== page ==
# Proof: By Euclid

• For Let (angle) $FEG$, equal to angle $ABC$, and (angle) $EFG$, equal to $ACB$, have been constructed on the straight line $EF$ at the points $E$ and $F$ on it (respectively) [Prop. 1.23].
• Thus, the remaining (angle) at $A$ is equal to the remaining (angle) at $G$ [Prop. 1.32].
• Thus, triangle $ABC$ is equiangular to [triangle] $EGF$.
• Thus, for triangles $ABC$ and $EGF$, the sides about the equal angles are proportional, and (those) sides subtending equal angles correspond [Prop. 6.4].
• Thus, as $AB$ is to $BC$, [so] $GE$ (is) to $EF$.
• But, as $AB$ (is) to $BC$, so, it was assumed, (is) $DE$ to $EF$.
• Thus, as $DE$ (is) to $EF$, so $GE$ (is) to $EF$ [Prop. 5.11].
• Thus, $DE$ and $GE$ each have the same ratio to $EF$.
• Thus, $DE$ is equal to $GE$ [Prop. 5.9].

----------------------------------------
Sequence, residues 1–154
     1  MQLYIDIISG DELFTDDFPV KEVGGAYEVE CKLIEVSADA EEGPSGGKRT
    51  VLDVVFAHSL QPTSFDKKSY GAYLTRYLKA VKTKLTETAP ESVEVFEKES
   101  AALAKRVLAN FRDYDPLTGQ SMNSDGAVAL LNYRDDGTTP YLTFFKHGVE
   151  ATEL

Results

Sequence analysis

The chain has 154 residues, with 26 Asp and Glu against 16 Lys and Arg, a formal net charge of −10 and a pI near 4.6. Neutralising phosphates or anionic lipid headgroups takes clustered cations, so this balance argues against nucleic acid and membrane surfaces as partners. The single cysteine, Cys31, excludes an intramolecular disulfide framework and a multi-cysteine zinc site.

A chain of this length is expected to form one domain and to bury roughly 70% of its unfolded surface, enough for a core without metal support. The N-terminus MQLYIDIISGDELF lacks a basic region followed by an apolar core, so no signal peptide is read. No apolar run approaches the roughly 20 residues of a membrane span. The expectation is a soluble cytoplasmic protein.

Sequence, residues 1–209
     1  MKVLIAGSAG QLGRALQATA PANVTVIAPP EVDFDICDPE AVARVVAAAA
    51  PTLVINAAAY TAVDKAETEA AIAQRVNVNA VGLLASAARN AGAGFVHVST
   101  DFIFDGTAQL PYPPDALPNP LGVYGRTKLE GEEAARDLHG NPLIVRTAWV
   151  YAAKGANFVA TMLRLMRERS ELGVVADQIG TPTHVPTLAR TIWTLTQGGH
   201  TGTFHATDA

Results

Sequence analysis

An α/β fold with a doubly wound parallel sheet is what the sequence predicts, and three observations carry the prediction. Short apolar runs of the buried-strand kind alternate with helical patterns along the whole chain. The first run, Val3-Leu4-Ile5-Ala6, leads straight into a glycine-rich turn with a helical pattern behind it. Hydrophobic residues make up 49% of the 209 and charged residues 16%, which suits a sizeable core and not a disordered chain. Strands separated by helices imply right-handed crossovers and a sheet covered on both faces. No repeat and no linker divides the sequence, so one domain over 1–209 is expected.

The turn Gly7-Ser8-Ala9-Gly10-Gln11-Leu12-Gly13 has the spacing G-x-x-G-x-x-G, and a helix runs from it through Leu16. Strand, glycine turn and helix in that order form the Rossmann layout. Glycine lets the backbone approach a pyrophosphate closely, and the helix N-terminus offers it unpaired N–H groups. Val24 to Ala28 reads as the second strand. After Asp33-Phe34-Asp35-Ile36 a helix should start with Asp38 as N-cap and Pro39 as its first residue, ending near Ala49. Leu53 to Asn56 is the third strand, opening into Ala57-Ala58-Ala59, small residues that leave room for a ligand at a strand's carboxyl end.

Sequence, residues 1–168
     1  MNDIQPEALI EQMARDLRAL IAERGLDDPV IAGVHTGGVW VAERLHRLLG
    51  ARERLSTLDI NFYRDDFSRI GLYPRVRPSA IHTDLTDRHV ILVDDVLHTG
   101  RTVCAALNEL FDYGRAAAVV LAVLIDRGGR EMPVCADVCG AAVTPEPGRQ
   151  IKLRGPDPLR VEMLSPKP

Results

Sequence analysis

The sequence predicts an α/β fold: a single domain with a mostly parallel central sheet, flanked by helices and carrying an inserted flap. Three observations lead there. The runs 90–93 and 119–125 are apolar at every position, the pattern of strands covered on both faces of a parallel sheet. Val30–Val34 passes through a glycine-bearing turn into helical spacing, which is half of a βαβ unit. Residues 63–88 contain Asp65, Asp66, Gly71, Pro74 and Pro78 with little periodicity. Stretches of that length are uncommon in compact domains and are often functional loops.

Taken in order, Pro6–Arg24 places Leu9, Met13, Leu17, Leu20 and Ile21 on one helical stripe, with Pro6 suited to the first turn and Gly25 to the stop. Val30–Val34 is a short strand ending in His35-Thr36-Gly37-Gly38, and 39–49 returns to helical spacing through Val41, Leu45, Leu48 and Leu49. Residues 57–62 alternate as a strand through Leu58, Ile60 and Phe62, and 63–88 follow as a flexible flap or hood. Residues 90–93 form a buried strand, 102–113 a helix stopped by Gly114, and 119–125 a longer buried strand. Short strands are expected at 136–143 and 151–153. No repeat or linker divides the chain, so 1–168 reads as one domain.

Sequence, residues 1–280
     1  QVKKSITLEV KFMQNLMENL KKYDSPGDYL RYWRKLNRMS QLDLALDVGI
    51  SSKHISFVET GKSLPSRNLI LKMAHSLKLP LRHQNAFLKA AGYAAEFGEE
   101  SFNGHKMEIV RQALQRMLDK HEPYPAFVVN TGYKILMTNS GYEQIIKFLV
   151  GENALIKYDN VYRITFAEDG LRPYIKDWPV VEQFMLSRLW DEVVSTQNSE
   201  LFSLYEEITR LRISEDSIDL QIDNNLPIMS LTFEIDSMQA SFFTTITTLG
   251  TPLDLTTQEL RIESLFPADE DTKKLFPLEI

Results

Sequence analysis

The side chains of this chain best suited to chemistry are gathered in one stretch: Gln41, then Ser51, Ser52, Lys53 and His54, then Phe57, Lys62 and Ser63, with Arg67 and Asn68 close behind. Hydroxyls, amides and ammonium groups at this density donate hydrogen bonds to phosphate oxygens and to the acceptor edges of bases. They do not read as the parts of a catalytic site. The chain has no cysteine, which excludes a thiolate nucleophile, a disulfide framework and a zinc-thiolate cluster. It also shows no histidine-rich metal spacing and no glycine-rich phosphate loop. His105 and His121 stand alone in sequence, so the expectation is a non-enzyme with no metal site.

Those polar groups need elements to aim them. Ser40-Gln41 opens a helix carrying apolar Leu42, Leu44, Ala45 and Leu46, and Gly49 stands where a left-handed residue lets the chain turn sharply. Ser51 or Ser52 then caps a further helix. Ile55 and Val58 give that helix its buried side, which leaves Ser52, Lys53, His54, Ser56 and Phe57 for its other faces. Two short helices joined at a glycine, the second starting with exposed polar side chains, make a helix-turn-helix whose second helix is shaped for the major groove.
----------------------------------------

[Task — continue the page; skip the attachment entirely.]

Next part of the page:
• So, for the same (reasons), $DF$ is also equal to $GF$.
• Therefore, since $DE$ is equal to $EG$, and $EF$ (is) common, the two (sides) $DE$, $EF$ are equal to the two (sides) $GE$, $EF$ (respectively).
• And base $DF$ [is] equal to base $FG$.
• Thus, angle $DEF$ is equal to angle $GEF$ [Prop. 1.8], and triangle $DEF$ (is) equal to triangle $GEF$, and the remaining angles (are) equal to the remaining angles which the equal sides subtend [Prop. 1.4].
• Thus, angle $DFE$ is also equal to $GFE$, and (angle) $EDF$ to $EGF$.
• And since (angle) $FED$ is equal to $GEF$, and (angle) $GEF$ to $ABC$, angle $ABC$ is thus also equal to $DEF$.
• So, for the same (reasons), (angle) $ACB$ is also equal to $DFE$, and, further, the (angle) at $A$ to the (angle) at $D$.
• Thus, triangle $ABC$ is equiangular to triangle $DEF$.
• Thus, if two triangles have proportional sides then the triangles will be equiangular, and will have the angles which corresponding sides subtend equal.
• (Which is) the very thing it was required to show.

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